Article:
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David Higgs: 'Keep your Eyes Open and Ask Questions'

David Higgs: 'Keep your Eyes Open and Ask Questions'

David Higgs chats with us as one of Seven Sages at S.Pellegrino Young Chef 2016, with sound advice for those starting their career to cooking on fire.

By FDL on

Popular South African chef David Higgs made his name in Johannesburg with his contemporary restaurant Five Hundred located inside the Saxon Hotel.

Since honoured as the Eat Out S.Pellegrino Chef of the Year in 2013, he has also nurtured future chef talent at the Higgs School of Good Cooking before embarking on his most recent project embracing cooking on coals.

Higgs was mentor to the Africa and Middle East finalist at S.Pellegrino Young Chef 2015, Angelo Scirocco, who has since gone on to open his own restaurant.  This year he speaks to us as a judge on the panel of top international chefs responsible for selecting the young chef to be crowned S.Pellegrino Young Chef 2016. Here's what he told us.

What advice would you offer to the young chefs of today?
Gather as much information in the kitchen as possible. Keep your eyes open and ask questions. Work quickly and don't be scared to experiment. But you need to understand the basics…

What’s the best advice anyone has ever given to you?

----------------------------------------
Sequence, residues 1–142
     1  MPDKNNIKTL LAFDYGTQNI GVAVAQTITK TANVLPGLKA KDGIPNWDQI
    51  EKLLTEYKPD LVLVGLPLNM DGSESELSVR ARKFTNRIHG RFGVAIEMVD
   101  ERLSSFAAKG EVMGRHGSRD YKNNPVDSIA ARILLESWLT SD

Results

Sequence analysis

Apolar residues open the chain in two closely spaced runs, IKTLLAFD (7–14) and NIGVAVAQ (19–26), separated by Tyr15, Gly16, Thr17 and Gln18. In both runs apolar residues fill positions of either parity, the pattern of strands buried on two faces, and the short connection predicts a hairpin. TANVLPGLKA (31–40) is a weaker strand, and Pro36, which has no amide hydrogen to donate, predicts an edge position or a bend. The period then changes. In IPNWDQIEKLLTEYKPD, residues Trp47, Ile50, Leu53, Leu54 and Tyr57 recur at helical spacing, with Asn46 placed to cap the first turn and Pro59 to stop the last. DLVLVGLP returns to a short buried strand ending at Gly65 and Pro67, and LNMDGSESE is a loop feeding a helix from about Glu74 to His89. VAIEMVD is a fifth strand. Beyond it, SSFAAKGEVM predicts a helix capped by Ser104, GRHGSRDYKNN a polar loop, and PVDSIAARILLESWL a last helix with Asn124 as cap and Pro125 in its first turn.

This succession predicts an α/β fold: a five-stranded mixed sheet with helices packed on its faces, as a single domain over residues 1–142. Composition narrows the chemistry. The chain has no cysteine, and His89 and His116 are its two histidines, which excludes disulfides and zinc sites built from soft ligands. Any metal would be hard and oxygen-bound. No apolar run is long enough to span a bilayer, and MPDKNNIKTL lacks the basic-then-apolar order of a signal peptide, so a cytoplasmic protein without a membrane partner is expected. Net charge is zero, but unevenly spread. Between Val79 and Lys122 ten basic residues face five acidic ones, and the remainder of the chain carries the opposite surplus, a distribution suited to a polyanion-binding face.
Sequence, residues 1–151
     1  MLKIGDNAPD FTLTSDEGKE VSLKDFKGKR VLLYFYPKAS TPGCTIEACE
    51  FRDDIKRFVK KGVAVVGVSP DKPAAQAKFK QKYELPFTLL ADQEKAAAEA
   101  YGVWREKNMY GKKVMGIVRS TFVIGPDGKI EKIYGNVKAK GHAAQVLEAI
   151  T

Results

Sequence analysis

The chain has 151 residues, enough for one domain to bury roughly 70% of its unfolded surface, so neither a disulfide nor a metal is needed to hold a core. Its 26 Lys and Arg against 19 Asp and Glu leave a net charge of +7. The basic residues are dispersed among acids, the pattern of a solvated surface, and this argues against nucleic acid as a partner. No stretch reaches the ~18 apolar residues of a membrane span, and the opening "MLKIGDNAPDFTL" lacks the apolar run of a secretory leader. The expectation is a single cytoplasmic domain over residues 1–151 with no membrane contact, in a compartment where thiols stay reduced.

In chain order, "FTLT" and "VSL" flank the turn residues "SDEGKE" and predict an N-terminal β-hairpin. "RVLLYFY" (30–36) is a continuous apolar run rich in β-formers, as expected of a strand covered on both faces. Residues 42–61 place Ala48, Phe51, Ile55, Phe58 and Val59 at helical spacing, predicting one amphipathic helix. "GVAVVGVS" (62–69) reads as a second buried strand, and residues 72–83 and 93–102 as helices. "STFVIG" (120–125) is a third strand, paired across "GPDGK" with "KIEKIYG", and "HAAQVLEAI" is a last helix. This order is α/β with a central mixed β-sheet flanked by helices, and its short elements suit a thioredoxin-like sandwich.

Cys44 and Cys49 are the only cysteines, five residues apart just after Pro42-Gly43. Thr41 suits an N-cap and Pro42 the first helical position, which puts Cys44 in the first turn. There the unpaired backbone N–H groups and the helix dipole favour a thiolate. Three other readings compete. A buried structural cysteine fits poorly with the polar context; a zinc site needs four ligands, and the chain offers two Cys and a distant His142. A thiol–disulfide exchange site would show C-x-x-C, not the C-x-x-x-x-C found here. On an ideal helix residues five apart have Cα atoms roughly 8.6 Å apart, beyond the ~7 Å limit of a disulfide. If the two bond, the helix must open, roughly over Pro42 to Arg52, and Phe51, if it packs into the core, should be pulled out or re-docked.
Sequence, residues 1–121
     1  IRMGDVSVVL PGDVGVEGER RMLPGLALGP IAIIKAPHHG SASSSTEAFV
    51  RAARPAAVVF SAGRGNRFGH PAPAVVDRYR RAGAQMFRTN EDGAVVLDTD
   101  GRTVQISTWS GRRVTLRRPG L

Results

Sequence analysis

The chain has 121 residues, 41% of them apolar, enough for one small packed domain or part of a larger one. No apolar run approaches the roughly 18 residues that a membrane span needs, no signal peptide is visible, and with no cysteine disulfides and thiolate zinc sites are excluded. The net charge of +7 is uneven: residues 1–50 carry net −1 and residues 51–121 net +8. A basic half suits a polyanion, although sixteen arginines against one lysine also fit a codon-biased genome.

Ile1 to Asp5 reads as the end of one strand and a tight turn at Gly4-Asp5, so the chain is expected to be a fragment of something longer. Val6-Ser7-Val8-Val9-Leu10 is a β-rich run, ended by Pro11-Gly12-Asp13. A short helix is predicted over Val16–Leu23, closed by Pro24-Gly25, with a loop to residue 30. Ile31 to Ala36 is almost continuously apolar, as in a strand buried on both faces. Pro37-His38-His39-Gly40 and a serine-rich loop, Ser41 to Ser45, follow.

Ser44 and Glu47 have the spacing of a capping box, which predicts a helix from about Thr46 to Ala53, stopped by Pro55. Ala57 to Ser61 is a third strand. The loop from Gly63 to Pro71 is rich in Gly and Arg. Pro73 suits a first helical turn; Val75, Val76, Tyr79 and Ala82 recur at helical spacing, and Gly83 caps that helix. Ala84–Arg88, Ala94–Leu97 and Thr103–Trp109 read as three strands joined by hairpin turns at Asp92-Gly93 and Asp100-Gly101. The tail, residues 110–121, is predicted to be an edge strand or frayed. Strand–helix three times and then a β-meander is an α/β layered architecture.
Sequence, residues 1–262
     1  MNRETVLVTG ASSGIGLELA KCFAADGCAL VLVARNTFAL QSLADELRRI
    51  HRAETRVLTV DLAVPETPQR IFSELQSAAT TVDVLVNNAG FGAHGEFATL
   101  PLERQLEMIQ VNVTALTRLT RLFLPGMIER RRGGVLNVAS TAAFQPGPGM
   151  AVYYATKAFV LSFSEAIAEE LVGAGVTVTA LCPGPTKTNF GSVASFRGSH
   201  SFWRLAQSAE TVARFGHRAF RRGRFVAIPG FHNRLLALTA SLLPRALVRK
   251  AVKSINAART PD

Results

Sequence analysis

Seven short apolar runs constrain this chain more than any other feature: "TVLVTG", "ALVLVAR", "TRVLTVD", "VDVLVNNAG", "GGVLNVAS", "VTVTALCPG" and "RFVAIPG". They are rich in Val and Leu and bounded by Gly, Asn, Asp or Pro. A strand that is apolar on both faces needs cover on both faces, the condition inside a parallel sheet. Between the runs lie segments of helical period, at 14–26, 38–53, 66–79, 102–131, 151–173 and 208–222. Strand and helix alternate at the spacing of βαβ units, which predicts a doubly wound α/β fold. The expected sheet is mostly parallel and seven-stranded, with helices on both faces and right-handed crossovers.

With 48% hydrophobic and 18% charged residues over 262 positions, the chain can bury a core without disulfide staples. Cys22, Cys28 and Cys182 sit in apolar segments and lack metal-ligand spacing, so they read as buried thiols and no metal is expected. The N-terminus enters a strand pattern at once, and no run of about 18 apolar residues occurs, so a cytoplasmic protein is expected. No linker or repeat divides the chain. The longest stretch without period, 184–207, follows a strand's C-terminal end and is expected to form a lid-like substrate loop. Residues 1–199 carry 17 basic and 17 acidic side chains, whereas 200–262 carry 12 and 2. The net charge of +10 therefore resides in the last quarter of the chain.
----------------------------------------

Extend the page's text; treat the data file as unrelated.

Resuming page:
Don't worry about the kitchen politics that go on everyday. Stay out of it and concentrate on the job at hand.

Tell us about a time when you remember making a mistake as a young chef: what happened, where were you working and what did you learn?
I went from working breakfast in a small hotel to working in one of the top restaurants in South Africa after a year. I still had no idea of what tomato concass was or how to turn a potato, and nobody wanted to show me ... I learnt a lot about teamwork and how you should grow young cooks in the kitchen rather than alienate them.

What do you miss most about being a young chef?
It was all about the service and the pressure of service. Looking forward to the next rush. I still have that, but being in your own place the pressures are different. When you are young you just want to be on the line.

What do you anticipate will be the challenges in your role in this year's competition?
It's always challenging when you have a panel of the world's best chefs sitting next to you with all different opinions of what is right or wrong, good or bad, relevant or not. So I see the challenge of choosing the right winner being crucial. It means a lot to these young chefs.

You are seen as one of the leaders of contemporary South African cuisine. How would you describe South African cuisine to someone who has never tasted, seen or heard of it?
SA cuisine is always tricky to explain, but the bottom line is that we all love cooking on fire and we love meat. So with live fire cooking becoming so fashionable and trendy, it really fits in quite well with our local traditions.

What are you currently working on and what are your plans for the immediate future?
I have just opened my own place Marble restaurant with my partner Gary Kyriacou. We have some great plans, but our priority for now is to make sure Marble runs smoothly and then we will see. Marble is a live fire restaurant where we continuously experiment and play with what is possible with fire, coals and smoking.

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